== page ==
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Saturday, September 17, 2016

Make the turn-around, ASAP!


While the first reading should have a clear message for you, this Gospel should probably confuse you at first.

Amos: was a prophet who spoke to the northern half of the promised people (commonly called Israel) even though he came from the southern half (commonly called Judah).  He is sent to remind the people that their prim & proper worship rituals don't mean a thing if at the same time they are committing or allowing grave injustices to humanity - which indeed they are.  The Lord will not forget the crimes that are committed to the poor.  He will lift them up, Psalm 113 tells us.  We must not let the lures of mammon (which means money and possessions) cloud our mind from what really matters.

Mammon leads us to our Gospel reading, where we are given this interesting parable by Jesus of an unjust steward.  This man is caught cheating, like Amos warns the people of his own day.  Perhaps getting caught is the best thing that ever happened to the steward in this parable, because it forces him to face the facts that he must render an account of his actions.  And the earlier we change our wicked ways, all the better... and if we never change our wicked ways, all the worse.

So there is the first lesson we get from this dishonest man: knowing our position and responding.  The Catholic word for this is simple: repentance! (or conversion)   This is a very “John the Baptist” kind of word, and he himself used fiery images to wake up the people of his own day.  Repent in Hebrew shoov means to turn around, to do a 180, and that's exactly what this man does today.  He knows that he needs to make quick changes if he is going to fix the situation, and he takes the drastic measures he needs.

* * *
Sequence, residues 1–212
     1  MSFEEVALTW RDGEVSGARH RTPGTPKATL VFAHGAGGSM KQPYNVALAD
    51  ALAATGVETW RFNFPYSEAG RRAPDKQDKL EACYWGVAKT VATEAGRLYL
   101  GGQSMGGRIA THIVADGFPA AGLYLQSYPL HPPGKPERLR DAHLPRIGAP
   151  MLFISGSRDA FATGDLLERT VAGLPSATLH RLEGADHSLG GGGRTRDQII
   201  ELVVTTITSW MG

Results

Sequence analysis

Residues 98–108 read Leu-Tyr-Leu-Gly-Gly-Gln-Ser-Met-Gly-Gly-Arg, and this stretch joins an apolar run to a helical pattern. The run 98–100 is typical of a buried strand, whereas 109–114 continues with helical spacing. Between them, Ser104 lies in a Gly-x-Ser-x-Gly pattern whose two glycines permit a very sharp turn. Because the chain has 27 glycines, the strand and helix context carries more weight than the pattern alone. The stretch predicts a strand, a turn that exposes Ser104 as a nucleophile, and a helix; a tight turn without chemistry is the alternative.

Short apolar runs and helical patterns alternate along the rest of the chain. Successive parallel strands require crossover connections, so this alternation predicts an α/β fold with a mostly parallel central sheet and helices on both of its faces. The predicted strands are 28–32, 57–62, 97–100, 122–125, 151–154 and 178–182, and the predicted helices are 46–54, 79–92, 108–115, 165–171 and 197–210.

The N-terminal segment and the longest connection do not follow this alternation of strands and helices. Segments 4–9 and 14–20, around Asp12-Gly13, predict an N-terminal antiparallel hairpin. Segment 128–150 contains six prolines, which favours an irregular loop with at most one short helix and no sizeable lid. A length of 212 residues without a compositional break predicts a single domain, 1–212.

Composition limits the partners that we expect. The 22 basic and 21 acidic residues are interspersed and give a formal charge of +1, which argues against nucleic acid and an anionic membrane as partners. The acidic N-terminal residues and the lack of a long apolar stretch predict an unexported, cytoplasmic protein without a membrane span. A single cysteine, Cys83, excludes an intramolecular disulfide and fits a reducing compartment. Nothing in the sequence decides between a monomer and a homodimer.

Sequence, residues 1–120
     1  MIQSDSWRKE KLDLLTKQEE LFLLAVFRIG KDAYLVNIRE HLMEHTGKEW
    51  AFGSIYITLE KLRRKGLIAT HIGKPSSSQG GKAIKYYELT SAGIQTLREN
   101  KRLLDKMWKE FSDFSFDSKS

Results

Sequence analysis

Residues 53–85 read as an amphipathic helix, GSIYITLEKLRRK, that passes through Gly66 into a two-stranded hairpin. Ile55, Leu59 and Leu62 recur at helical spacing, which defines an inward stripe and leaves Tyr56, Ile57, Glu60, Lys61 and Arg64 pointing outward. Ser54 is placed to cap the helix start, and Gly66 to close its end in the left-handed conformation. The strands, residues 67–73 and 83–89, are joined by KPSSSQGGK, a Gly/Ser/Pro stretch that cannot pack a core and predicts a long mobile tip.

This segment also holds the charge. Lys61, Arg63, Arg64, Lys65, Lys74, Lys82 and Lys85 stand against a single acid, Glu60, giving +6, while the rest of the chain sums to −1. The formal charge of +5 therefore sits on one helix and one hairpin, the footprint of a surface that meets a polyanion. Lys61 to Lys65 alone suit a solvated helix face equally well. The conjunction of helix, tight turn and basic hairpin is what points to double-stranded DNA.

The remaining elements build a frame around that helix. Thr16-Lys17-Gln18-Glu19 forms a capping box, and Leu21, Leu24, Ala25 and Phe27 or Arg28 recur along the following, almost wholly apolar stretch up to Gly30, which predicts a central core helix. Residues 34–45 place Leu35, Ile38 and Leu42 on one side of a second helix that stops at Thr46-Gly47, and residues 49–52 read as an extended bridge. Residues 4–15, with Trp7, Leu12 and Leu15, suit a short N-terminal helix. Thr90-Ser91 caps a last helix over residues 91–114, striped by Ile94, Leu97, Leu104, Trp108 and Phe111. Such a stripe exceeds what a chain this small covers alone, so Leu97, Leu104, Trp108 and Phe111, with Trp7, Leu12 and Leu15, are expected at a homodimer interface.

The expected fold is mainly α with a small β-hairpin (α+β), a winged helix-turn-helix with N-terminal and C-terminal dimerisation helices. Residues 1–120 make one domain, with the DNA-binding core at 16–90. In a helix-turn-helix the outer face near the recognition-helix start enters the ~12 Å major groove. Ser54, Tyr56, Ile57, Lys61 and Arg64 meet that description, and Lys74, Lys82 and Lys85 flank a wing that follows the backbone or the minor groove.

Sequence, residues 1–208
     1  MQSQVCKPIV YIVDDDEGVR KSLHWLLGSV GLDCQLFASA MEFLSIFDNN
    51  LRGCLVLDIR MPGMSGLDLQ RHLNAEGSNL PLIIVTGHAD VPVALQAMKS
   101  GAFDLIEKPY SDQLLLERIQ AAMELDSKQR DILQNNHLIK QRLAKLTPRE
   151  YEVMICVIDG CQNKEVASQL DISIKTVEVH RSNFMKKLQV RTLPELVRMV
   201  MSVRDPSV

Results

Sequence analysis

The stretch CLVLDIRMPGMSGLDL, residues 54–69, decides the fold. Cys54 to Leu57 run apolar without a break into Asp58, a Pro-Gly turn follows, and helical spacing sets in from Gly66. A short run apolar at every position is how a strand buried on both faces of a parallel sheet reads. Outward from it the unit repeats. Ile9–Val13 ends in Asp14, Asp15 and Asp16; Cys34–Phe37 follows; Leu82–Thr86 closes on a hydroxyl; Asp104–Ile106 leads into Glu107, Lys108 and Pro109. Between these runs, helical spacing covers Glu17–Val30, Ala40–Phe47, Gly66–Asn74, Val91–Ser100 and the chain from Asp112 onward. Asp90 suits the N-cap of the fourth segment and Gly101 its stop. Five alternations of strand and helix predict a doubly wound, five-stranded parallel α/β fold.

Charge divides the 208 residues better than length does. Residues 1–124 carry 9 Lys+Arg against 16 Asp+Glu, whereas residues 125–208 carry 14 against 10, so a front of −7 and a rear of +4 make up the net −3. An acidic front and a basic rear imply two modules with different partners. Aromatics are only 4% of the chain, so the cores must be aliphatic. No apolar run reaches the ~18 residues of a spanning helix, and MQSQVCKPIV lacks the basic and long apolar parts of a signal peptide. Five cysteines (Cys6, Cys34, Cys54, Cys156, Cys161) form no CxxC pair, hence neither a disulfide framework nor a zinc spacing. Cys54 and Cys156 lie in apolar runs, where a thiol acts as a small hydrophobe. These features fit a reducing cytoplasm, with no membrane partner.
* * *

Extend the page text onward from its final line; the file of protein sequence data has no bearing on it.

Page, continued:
The Greek word for repentance or conversion is METANOIA, and this will lead us to our next lesson from this Gospel.  Metanoia means to transform our way of thinking, and this dishonest steward spent his time thinking always about money and profit: how can I get ahead of others, get them to be literally indebted to me.  The funny thing is he turns this thought process on its head when he realizes he is up a creek, since his leverage on the locals is about to completely disappear.  So what does he do?  He flips to forgiveness, to mercy, to cutting the debts of the people he used.  By helping them out of their tough times, they will love him and help him out when his come around.  Talk about a true metanoia, a transformation of mind.  This man shows us how to realize our situation and respond.

Often we are temped to think, like in the time of Amos, that we are on top of the world and nothing can bring us down, but this parable reminds us that there will be an accounting for all of us.
In fact, this parable may be the best example of the prayer we pray at every single Mass: “forgive us our trespasses as we forgive those who trespass against us.”
Let us ask the Lord Jesus to help us to realize our sinfulness, our debts toward God and others, and make up for them by forgiving others ourselves.

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